Here’s the MTA’s Plan to Fix the Subways

Help on the way? Photo: Drew Angerer/Getty Images

“The subway system is no doubt in distress and we’re here for solutions,” MTA chairman Joe Lhota said Tuesday as he delivered the authority’s subway action plan. The $836 million proposal is a product of the 30-day review called for under the MTA’s state of emergency, and focuses on ways to immediately improve service, and begin long-overdue upgrades and repairs.

A pilot program to remove seats from some cars to deal with overcrowding was one of the MTA’s splashier plans. The transit agency will experiment with the overcrowded L train and the Times Square–Grand Central shuttle to start, Lhota said, adding that this could help stuff up to 25 more riders into each car.

Lhota also promised to improve communication, revising the standby announcements — such as the (often rage-inducing) “delayed due to train traffic ahead” — to give commuters more detailed information about what’s actually going on in real time.

Also in the name of improving communication and accountability: an MTA “dashboard” system that will operate like the NYPD’s Compstat that will measure, among other categories, reliability and safety.

The MTA will deploy a slew of personnel to help tackle some of the common causes of delays, including EMT squads based at transit hubs to efficiently deal with those “sick passengers.” The authority will also expand its Combined Action Teams, which are rapidly dispatched to deal with mechanical and track issues that slow the subways on a now-daily basis.

And then there’s the immediate station and infrastructure improvements. The MTA will increase its overhaul of subway cars, and add cars to trains where it’s possible. The agency will also do triple-heavy-duty cleaning at stations, and target “hot spots” to clear tracks of trash, water, and other debris. And the MTA will expedite plans to fix 1,300 of the most problematic signals by 2018.

These changes, and more, are part of phase one of the plan. There’s also a phase two, which will cover overhauls of the system — everything from a brand-new signal system to new subway cars — at the estimated cost of $8 billion. That healthy sum will likely be part of the next five-year capital plan in 2020 to 2024.

But as for phase one, Lhota assured reporters that “raising fares was not an option,” and suggested riders could start seeing a difference in their commutes “relatively quickly.” That’s the good news. Here’s the bad: Phase one will, as mentioned above, still cost more than $800 million (a little more than half will go to operating costs, the rest to capital repairs), which Lhota proposed should be split between the city and the state.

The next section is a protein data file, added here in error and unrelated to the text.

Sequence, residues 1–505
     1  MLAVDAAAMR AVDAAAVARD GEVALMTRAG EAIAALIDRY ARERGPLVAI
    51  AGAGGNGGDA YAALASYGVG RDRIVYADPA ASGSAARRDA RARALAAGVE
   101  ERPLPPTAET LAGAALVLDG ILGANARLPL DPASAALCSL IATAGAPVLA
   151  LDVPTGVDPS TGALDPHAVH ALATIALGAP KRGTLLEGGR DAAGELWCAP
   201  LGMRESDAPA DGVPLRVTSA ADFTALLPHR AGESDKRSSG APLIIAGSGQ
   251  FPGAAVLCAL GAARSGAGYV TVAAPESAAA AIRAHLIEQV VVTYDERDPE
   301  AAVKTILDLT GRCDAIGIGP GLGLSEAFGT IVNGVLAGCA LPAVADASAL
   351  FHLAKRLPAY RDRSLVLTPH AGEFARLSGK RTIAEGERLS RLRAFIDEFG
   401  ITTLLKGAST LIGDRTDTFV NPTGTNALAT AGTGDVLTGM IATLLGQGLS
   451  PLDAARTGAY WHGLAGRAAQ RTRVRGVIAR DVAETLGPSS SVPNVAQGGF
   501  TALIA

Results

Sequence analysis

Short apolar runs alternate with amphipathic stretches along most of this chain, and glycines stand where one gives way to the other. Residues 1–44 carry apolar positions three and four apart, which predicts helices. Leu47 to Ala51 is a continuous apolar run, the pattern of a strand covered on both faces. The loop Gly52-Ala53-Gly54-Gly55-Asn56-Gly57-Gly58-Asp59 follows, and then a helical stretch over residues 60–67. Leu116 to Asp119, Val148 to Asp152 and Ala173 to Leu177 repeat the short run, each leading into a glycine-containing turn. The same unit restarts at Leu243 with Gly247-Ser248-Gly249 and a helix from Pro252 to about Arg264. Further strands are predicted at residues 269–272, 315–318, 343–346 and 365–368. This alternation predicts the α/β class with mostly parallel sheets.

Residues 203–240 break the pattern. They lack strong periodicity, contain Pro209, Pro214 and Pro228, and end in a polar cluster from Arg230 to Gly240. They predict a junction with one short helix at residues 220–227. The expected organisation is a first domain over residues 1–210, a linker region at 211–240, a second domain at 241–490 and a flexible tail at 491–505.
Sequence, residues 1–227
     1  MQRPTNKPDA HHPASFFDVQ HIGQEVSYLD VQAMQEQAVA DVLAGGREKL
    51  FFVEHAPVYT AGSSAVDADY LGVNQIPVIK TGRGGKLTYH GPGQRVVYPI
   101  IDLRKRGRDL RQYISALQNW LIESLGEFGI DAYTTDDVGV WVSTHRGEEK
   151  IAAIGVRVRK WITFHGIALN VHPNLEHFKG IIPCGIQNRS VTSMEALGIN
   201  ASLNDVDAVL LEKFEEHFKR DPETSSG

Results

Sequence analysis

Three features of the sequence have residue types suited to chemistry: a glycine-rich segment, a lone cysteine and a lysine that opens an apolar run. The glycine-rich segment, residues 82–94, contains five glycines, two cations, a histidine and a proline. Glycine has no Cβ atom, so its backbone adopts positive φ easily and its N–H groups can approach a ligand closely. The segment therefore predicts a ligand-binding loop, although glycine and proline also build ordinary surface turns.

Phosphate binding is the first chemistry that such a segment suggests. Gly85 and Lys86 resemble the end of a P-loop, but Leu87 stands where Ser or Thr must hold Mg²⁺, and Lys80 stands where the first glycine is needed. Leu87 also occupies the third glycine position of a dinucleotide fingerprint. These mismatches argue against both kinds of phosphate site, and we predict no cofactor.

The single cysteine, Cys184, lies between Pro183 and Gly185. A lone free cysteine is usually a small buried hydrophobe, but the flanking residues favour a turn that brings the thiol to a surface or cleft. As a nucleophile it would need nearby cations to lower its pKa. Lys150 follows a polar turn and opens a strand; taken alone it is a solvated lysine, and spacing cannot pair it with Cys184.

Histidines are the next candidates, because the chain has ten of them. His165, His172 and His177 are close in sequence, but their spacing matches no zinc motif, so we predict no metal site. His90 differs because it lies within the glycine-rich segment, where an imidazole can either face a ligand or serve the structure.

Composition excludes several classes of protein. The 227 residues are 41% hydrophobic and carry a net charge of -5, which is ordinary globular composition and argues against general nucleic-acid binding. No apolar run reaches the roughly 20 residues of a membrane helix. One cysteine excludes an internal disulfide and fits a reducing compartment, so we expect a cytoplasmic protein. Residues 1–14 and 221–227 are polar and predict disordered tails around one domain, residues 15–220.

It appeared that Lhota struck a bit more of a conciliatory tone toward the mayor after a week of an escalating feud between Governor Andrew Cuomo and Mayor Bill de Blasio over who controls the subways, where the MTA chief seemed to side with Team Albany. Lhota delivered his plan a day after de Blasio introduced his own five-point plan to fix the subways — which included some suggestions embedded in the official MTA proposal, including that subway equivalent of Compstat idea. But de Blasio also spent part of Sunday riding the F train to demand Governor Cuomo “step up” and fix the subways, and to say the city won’t fork over any more money to the MTA until it more appropriately uses the resources it already has.

De Blasio repeated that point Tuesday at a press conference at the City Hall subway stop to discuss Lhota’s plan. Though interrupted by the subway and hecklers, the mayor insisted the city would not to give additional funds to the MTA.

De Blasio did give the MTA’s action plan pretty decent reviews, calling it an “important first step.” But his refusal to entertain Lhota’s money ask could very well set up yet another showdown between Albany and City Hall.

Meanwhile, Cuomo is reportedly heading to Washington, D.C., on Wednesday to talk “infrastructure needs” with the Secretary of Transportation, though he has praised the MTA proposal as “substantive and realistic.” He added, for the record, “I am fully committed to making it a reality.”

This post has been updated with de Blasio’s comments.

Here’s the MTA’s Plan to Fix the Subways